Digital rights and access under assault

It doesn’t seem to matter what kind of access you want, or what you want access to. You’re under assault, plain and simple. With the news last week that Bell and Telus customers will pay at both ends for text messages and the obscene Rogers iPhone rate packages, we just have two more issues to deal with on this front.

Ed. Note: It should be noted that since I started jotting down notes for this post, Rogers has improved their data packages, but only for a two month promotional offer and not to the point where the prices aren’t still ridiculously high.

Reusing a legally purchased song on multiple personal devices, saving a recorded program for private viewing later, or even embedding a copyrighted video for comment on your blog could all land you in trouble if C-61 passes in the fall. Mind you, cellular rate plan issues are part of a much larger problem that includes throttling. Web companies understand the implications to their businesses. Throttling is mostly related to large bandwidth activities like torrenting, and would seem to be moving in lockstep with copyright issues. After all, making it illegal to possess something is more effective if you choke the ability to get it in the first place.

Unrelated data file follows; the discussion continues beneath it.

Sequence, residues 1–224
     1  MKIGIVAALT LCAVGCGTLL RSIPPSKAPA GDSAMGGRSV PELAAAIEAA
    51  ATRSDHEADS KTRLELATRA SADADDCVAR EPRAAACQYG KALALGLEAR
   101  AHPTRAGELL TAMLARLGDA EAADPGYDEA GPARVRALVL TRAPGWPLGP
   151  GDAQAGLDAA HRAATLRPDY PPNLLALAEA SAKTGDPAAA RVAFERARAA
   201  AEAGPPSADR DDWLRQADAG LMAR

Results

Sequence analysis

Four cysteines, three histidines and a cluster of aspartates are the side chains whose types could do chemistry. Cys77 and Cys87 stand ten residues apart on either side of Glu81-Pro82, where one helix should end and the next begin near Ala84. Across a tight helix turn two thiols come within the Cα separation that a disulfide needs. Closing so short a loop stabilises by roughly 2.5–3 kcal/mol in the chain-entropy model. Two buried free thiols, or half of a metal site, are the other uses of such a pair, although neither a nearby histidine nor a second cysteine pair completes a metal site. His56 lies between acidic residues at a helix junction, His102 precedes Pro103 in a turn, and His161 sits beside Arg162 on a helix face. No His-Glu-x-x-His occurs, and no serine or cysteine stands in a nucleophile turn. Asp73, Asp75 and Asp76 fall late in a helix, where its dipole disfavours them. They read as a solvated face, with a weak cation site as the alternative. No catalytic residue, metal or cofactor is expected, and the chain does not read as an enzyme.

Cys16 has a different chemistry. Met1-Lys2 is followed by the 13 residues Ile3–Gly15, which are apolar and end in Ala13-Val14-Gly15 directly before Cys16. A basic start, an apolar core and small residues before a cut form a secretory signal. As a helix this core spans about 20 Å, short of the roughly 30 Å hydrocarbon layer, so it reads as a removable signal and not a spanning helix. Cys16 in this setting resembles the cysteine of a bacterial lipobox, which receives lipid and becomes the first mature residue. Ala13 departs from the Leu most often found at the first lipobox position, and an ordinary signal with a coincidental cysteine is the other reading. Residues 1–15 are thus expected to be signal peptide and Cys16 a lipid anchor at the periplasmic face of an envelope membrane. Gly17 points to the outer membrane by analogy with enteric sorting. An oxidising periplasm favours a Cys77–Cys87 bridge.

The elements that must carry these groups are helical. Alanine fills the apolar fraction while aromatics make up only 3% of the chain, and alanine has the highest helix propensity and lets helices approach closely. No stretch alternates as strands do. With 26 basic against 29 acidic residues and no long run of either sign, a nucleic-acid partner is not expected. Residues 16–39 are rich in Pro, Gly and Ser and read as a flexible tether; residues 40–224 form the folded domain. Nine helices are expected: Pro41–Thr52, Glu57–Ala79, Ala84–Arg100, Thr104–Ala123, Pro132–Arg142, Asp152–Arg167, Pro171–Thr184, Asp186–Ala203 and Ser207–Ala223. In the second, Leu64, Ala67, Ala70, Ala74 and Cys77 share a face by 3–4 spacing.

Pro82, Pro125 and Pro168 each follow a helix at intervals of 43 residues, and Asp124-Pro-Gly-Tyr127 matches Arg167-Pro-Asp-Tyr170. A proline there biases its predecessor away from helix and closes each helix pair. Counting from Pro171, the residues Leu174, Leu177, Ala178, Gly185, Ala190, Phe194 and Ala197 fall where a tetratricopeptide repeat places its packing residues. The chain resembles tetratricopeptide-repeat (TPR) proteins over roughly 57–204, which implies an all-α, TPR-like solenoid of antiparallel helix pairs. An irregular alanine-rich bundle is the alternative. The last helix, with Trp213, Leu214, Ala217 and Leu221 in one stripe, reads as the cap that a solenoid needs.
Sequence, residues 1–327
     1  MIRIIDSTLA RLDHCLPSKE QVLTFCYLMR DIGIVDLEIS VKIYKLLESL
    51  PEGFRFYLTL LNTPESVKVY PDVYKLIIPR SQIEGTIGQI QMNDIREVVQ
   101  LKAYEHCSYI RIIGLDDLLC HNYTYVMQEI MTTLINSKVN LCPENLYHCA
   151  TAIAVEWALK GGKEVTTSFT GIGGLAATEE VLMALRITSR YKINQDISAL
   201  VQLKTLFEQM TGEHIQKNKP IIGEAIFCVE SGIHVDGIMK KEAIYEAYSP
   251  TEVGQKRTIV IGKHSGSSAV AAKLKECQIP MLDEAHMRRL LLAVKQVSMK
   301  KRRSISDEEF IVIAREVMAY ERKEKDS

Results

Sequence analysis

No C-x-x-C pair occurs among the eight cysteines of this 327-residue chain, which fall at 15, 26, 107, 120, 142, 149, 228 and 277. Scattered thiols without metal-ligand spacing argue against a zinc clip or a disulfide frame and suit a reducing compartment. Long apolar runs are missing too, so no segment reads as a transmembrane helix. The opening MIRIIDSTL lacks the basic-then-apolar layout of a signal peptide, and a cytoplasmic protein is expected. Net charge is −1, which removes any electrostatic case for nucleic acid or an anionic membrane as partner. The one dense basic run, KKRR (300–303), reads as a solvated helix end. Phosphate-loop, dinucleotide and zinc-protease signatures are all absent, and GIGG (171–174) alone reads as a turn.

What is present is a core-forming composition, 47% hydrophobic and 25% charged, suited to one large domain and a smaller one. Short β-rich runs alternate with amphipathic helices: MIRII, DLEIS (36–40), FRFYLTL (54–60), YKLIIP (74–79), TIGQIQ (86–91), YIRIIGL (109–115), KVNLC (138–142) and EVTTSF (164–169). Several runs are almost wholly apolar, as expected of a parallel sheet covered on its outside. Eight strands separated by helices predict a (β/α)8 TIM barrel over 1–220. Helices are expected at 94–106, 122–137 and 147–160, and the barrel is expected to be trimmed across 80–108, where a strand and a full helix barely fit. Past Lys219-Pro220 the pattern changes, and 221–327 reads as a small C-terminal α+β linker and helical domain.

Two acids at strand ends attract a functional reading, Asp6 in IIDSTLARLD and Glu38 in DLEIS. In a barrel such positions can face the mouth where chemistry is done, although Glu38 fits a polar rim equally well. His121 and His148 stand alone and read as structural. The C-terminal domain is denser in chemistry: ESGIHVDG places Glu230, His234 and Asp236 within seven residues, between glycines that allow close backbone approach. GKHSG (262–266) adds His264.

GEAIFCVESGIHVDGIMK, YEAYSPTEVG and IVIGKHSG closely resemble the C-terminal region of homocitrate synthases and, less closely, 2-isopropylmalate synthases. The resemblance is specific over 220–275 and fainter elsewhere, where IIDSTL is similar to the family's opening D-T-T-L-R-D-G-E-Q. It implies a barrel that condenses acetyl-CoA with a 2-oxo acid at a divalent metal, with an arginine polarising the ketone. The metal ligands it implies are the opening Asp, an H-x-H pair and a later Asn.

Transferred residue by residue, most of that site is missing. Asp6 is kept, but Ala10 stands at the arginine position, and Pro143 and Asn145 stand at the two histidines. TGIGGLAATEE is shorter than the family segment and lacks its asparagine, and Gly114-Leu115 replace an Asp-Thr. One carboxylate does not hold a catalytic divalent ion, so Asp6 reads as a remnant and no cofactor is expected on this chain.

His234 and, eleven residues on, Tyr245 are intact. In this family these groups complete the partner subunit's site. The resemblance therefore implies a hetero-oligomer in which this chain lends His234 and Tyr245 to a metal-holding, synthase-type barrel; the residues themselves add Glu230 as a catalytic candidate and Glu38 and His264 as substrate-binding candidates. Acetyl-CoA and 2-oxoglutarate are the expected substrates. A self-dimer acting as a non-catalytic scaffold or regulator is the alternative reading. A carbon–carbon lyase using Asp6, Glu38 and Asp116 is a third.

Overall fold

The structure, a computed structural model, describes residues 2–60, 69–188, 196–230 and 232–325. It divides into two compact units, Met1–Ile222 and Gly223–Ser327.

If all this isn’t enough, Canada’s complicity in ACTA will ensure that your digital equipment can be confiscated due to nothing more than an over-zealous border guard. Whether you got it back or not, it may well not include what you originally had on it. Plus, it would seem a Biker-chick lovin’ industry minister did a did a better job standing up for our rights than the current one. Mind you, today Jim Prentice did call out for Telus and Bell to justify their messaging grab.

That’s likely to really make a REAL difference.  anada already has some of the highest wireless rates in the world. And, we have a government who is:

  • moving toward a complete lockdown on how we use our digital media
  • in lockstep with US government and big business marching orders
  • trying to kill innovation by (perhaps unwittingly) supporting walled gardens and closed source intellectual property
  • helping create a digital divide by allowing the high cost of access to continue unabated

The Harper government seems completely oblivious to the shit-storm C-61 and ACTA are causing, or perhaps they simply don’t care. All we can hope for is that cooler heads will prevail in the fall session of the Commons, or opposition parties will act in unison and defeat C-61 if it goes ahead as currently proposed. I know it’s on the radar of the NDP, based on canned email responses I’ve received from Jack Layton. Unfortunately, they’re not in a position to do much on their own and the federal Liberals have been silent enough on these issues that one could be forgiven for thinking they’re simply unequipped to formulate a position on that. Then again, it takes a lot of energy to focus singularly on a carbon tax.

Regardless of where C-61 or ACTA land, in truth the problem is lack of transparency and the Canadian government’s lack of public consultation on federal legislation and an international treaty framework.

Harper’s a guy who claims to want less government intrusion in the lives of ordinary citizens. That is, I guess, unless personal freedoms distract from his core goal – keeping his Bush administration and business buddies happy.

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